Seol is almost an afterthought in this story. It’s not that she’s not her own person or is sort of a blank character, but she really is largely a vehicle to showcase Yoo Jung and to mirror him. Both students are smarter than average, and both have to continually deal with people trying to ride their coattails to success. Of those who have more, much more is expected. It’s frustrating, but it’s true. In fact, one of Seol’s business teachers points this out, and that duty Seol has is a lot more complicated than merely helping someone with their work or doing it for them–the teacher says that Seol is the type of person who can help those underachievers with less smarts be at their best. Yoo Jung gets similar advice from his father, the owner of a large company, but Yoo only belatedly understands what he’s been trying to say. The key, the very difficult key, for both characters to help others is for them to genuinely care about those others. Seol is mostly there, but she backtracks a bit after starting to date Yoo Jung, causing more difficulties. It is shown that by and large the other, almost insane characters, do care, but it is Seol, and especially Yoo Jung, who doesn’t.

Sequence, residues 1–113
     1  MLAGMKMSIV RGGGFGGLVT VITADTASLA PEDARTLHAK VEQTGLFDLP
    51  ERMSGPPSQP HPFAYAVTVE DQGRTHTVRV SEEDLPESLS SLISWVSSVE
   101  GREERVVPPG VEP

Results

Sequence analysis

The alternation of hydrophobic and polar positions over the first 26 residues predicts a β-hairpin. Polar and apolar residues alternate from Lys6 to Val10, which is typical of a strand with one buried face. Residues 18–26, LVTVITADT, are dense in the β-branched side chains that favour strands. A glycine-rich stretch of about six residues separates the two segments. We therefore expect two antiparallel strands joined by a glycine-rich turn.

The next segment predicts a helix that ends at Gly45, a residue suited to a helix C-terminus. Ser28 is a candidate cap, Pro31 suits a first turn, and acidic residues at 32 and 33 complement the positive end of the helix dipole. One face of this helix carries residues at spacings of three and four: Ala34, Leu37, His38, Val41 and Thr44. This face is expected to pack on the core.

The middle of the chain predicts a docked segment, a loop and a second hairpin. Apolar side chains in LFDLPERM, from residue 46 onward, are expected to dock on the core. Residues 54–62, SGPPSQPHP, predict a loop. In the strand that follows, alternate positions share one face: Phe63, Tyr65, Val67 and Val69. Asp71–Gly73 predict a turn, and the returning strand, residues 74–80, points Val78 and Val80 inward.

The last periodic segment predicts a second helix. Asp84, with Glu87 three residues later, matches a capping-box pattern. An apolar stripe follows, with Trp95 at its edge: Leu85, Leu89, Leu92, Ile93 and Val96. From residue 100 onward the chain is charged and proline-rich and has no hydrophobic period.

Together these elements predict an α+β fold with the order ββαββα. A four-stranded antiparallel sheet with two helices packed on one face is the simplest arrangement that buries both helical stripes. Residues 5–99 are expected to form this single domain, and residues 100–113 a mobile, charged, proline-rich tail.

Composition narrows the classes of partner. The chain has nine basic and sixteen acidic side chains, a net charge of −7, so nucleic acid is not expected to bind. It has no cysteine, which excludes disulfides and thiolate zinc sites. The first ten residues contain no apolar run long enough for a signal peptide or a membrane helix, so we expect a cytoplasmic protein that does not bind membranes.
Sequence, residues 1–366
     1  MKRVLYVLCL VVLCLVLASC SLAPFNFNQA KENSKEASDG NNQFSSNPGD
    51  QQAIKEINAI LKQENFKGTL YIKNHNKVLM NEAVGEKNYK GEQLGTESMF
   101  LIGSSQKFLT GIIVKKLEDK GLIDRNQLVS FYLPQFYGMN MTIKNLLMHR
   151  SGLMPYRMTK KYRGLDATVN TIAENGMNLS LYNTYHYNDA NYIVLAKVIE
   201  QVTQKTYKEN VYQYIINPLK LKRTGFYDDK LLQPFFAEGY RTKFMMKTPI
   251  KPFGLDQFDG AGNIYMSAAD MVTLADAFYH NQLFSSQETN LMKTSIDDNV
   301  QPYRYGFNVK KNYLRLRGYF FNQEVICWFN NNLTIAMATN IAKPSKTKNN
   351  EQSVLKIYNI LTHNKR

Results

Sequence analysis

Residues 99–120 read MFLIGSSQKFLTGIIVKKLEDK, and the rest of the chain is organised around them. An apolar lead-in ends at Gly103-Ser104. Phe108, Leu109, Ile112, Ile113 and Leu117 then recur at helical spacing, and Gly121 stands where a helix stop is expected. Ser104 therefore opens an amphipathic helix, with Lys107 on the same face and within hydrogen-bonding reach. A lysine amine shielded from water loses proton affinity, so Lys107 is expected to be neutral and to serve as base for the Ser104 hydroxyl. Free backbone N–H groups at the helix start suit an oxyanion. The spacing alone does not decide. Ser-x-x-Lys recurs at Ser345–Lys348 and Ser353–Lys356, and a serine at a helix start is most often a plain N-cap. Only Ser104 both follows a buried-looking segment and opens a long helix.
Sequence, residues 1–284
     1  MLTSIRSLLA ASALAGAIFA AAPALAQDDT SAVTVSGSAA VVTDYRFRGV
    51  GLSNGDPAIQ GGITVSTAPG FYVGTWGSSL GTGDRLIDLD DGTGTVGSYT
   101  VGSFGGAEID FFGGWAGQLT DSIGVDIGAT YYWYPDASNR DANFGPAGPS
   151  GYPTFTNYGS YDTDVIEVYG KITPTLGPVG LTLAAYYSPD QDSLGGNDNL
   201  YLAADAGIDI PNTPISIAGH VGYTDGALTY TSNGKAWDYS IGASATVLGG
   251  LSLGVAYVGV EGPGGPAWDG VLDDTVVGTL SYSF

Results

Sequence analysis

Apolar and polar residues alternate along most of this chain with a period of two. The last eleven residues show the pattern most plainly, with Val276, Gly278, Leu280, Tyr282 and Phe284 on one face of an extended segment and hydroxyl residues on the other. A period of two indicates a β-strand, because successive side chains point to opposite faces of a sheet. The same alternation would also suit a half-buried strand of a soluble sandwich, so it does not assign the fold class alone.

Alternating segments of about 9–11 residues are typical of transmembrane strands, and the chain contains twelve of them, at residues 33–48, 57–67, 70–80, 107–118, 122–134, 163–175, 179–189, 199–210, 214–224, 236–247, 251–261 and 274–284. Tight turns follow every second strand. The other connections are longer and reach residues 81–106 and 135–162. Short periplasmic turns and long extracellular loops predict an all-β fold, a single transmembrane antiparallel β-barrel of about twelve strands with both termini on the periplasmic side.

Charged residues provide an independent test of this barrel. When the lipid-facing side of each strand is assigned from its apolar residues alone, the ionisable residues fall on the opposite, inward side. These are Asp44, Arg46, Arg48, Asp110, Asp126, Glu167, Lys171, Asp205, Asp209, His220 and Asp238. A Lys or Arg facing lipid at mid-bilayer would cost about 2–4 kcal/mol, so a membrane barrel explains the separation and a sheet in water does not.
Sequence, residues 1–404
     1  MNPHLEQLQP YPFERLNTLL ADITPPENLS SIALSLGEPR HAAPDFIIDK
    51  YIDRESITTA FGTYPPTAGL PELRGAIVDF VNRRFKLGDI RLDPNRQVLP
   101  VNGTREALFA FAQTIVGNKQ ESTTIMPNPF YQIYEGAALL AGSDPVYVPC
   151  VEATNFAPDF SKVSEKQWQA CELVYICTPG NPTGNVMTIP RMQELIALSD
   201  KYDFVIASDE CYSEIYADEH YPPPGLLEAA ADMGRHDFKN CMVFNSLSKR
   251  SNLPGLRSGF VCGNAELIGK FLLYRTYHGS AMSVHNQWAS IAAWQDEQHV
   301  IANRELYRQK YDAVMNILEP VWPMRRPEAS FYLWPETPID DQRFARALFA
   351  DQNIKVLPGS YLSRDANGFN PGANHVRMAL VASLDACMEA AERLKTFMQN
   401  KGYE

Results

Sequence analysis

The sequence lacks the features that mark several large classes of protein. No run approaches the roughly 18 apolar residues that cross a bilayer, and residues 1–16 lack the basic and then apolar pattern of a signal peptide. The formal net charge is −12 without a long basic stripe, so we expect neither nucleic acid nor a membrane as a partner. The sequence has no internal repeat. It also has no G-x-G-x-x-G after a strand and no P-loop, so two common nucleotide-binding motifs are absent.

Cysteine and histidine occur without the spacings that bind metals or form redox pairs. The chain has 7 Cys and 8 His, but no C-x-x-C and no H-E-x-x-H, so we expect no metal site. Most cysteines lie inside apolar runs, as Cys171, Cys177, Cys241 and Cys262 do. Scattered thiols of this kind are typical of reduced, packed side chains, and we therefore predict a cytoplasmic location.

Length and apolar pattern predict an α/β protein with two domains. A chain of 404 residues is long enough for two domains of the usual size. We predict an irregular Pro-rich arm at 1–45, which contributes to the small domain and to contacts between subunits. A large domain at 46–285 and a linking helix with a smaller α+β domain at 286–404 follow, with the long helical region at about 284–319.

I can’t say I really understood all this the first time watching Cheese in the Trap. Some stories are simply so layered that it requires multiple views or reads to really get the message, even if it’s being told or shown to you clearly. Also, this is a difficult thing to swallow: Other people, no matter how annoying they are to you, care about you. In fact, they may even be antagonizing you because they desire your love and attention. You are experiencing insane behavior and even hatred towards you, because you aren’t truly caring for others. That doesn’t mean that these other people don’t have a responsibility to behave well on their own–they do–but so, so often people do awful things as a reaction to another awful thing: heartlessness. Heartlessness from those wealthier, smarter, more beautiful, more capable and blessed with gifts and talents they neither asked for nor earned. And from those people, more is expected. If they don’t give you–a person of no talent, no riches, no beauty, a helping hand–who then will?